Concerns over rising waters as Colorado River negotiations continue – The Rocky Mountain Collegian


Ivy Secret, Life and Culture Director

Hot, dry air settles over a small suburb of Fort Collins. The heat pushes residents inside to turn on the air conditioning, and the constant spurting of sprinklers is the only sound that breaks the midday silence.

This is a common case of exceptional waste that may need to become a scene that exists only in memory, especially for states like Colorado.

Colorado has had drought conditions on and off for decades. And tackling the region’s water scarcity problem has been a priority for states that depend on Colorado’s water resources.

“As an upstream state, we’re a really critical place in terms of the different rivers that originate in Colorado,” said Melinda Laituri, professor emeritus of ecosystem science and sustainability at Colorado State University.

One of these rivers is the Colorado River, the sixth longest country’s river, which serves almost 40 million people. It is an essential resource for the southwestern United States and Mexico.

“The lower basin and the southern half of the upper basin had been in drought for 22 years,” said Steven Fassnacht, snow hydrologist and professor at CSU.

The Colorado River Compact of 1922 has been a priority because the rights set out in the covenant are renegotiated to protect the river.

Much of this access to water depends on snowmaking. From the flow of the Colorado River to groundwater resources, snow is integral to access to water, and Colorado just isn’t getting the amount it was getting before.

“From the mid-1930s to the mid-1970s, snow accumulation actually increased,” Fassnacht said. “And since then, the trend has been towards a reduction in the snowpack.”

This is of particular concern when resources are used to make snow for skiing or water lawns that are not beneficial to local ecosystems. The larger ecological impacts that Colorado has faced, such as fires and overuse of resources, need to be considered.

“If you burn the side of the hill, you really increase the likelihood of having precipitation causing erosion,” Fassnacht said. “You have a lot of sediment that ends up in the river. Ash is terrible for sewage treatment plants.

Think about what it would mean to have ash in your drinking water or even just damage water treatment facilities. This reality means that the way we interact with water may need to change dramatically in order to protect it.

“We expect that we can go to the tap and turn it on and the water will be there,” Laituri said.

Even running your sprinklers in the middle of the day or overusing natural resources by running your air conditioner all the time can have serious impacts on the water resources and ecosystems they serve.

“It also depends on education, because not everyone is a watershed scientist,” said Eric Williams, president of the Watershed Science Club at Colorado State University.

Williams said lawns and developers should be concerned about water use.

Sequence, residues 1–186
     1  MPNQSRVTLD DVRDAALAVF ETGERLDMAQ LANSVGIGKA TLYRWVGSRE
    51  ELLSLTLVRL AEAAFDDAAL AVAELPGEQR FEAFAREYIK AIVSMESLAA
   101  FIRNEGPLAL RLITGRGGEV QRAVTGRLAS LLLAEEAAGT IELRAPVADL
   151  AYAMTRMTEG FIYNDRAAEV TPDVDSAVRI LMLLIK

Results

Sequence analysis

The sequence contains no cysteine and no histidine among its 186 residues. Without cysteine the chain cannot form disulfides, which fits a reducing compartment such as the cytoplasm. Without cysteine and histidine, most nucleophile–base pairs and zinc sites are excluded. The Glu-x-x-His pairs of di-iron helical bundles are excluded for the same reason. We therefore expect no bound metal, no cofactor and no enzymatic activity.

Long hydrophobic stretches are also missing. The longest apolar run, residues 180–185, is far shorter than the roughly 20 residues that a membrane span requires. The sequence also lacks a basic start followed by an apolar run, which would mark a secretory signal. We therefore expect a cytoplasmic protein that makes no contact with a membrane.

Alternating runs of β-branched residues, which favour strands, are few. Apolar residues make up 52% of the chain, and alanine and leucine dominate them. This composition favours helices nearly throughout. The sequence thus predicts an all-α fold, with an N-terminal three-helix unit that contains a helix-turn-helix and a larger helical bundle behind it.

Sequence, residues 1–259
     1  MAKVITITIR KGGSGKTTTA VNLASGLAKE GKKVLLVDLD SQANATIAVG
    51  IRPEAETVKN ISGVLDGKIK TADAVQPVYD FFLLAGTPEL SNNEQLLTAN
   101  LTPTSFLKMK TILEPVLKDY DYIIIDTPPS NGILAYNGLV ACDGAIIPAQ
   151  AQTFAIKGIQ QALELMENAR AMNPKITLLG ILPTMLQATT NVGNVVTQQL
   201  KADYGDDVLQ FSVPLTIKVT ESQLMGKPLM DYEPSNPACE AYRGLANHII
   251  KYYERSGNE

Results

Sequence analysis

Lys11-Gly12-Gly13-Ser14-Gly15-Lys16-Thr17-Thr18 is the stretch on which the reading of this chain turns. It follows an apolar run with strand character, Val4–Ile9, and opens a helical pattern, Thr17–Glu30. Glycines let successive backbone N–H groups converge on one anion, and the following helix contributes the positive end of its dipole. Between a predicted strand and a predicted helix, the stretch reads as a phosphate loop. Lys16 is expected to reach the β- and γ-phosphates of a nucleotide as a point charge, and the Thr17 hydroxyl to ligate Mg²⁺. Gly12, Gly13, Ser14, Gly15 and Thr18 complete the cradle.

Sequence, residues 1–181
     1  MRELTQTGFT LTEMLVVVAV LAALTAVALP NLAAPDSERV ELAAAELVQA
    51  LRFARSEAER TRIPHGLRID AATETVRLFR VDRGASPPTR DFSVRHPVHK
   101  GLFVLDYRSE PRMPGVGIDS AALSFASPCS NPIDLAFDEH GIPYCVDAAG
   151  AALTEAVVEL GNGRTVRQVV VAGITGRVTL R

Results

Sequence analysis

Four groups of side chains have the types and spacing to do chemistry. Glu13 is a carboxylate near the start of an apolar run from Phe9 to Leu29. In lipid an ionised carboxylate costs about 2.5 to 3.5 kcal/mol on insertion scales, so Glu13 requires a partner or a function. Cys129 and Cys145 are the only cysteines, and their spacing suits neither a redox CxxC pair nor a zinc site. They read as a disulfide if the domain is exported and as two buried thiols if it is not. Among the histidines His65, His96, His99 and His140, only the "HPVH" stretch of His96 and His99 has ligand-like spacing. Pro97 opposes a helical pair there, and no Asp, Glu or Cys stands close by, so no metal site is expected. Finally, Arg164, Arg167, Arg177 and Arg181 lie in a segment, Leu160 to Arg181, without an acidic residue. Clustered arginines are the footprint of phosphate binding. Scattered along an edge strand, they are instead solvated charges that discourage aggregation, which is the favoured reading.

“I think if we’re going to point fingers at something, it should be all these lawns we have,” Fassnacht said. “I’m not saying you have to get rid of every last piece of grass, but let’s be much more strategic.”

It’s not a new idea. Nevada began to remove lawnsand the city of Fort Collins has an initiative to encourage xeriscapereplacing the lawn with local plants that are more resistant to drought conditions.

Participating in these programs and educating yourself, Williams said, are some of the best ways to get involved. However, the average person can’t just stop watering his lawn and expect the drought to be over.

“I don’t know if it can really be driven on an individual level,” Laituri said. “Yes, it makes us feel good to do things that we think contribute. … Will that be enough? It’s the big water users who will really have to come to the table.

We cannot continue to live in a world where wealthy citizens big celebrities may abuse their water allocations while others have no access to clean water at all. The issue of water scarcity is an elaborate entanglement of social justice and environmental concern, which means that the resource must first be treated as a necessity before it can be allocated for luxury.

“There are 30 federally recognized (native) tribes in the lower basin that should have access to water, and many other reservations actually don’t have running water,” Laituri said. “Ensuring they have access to this resource is part of that conversation.”

Native groups were not included in the Colorado River Compact, and like some of the most prominent advocates water rights, they have much to add to the conversation.

Indigenous groups are not the only people to consider when water rights are negotiated. Laituri stressed that new populations coming to Fort Collins should be considered.

Laituri said if we want to conserve water, we must consider state capacity when developing. We have to ask ourselves if we can house more people and if it is responsible for continuing this population growth.

Although the concerns around the river are complex and still poorly understood, that does not mean action is not being taken. And that doesn’t mean there aren’t solutions.

“Please be curious,” Williams said. “No question is (a) stupid question.”

Contact Ivy Secret at [email protected] or on Twitter @IvySecrest.


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